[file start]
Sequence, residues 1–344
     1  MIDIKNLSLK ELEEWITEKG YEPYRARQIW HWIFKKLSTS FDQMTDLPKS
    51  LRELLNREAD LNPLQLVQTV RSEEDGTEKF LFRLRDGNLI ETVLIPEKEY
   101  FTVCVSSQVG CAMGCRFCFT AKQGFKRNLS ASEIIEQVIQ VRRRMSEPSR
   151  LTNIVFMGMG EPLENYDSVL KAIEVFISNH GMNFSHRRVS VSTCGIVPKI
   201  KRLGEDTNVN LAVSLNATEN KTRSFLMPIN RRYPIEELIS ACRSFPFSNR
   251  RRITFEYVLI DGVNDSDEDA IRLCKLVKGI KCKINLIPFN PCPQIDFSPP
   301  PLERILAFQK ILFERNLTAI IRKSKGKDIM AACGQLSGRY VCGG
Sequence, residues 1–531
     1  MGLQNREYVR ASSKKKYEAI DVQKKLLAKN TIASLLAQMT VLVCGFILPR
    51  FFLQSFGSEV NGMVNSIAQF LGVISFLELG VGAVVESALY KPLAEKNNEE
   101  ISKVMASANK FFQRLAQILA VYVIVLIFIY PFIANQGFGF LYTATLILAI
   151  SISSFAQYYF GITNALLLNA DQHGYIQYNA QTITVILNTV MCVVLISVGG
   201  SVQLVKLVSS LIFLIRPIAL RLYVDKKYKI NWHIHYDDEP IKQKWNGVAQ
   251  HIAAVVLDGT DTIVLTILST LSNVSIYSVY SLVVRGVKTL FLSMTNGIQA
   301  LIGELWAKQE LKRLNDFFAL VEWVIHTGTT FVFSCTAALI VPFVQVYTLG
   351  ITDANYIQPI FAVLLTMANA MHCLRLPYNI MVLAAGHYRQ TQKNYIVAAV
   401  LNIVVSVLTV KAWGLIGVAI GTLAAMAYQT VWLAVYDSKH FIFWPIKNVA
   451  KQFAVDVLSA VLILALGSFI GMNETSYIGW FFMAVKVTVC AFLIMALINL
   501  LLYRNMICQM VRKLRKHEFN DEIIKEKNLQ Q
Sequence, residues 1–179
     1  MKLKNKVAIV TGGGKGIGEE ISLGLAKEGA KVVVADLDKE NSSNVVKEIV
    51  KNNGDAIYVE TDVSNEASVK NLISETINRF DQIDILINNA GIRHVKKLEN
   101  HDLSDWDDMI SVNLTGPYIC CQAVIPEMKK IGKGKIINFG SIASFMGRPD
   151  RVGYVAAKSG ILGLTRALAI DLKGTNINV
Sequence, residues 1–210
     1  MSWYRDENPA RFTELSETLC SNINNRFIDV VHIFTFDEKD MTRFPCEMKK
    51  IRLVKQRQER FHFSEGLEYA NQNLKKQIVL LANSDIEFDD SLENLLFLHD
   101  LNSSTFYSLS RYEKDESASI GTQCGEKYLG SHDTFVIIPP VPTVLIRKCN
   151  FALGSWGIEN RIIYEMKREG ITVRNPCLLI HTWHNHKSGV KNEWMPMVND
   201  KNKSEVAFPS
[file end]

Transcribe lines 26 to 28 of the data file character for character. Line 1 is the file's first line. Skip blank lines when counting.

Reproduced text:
Sequence, residues 1–210
     1  MSWYRDENPA RFTELSETLC SNINNRFIDV VHIFTFDEKD MTRFPCEMKK
    51  IRLVKQRQER FHFSEGLEYA NQNLKKQIVL LANSDIEFDD SLENLLFLHD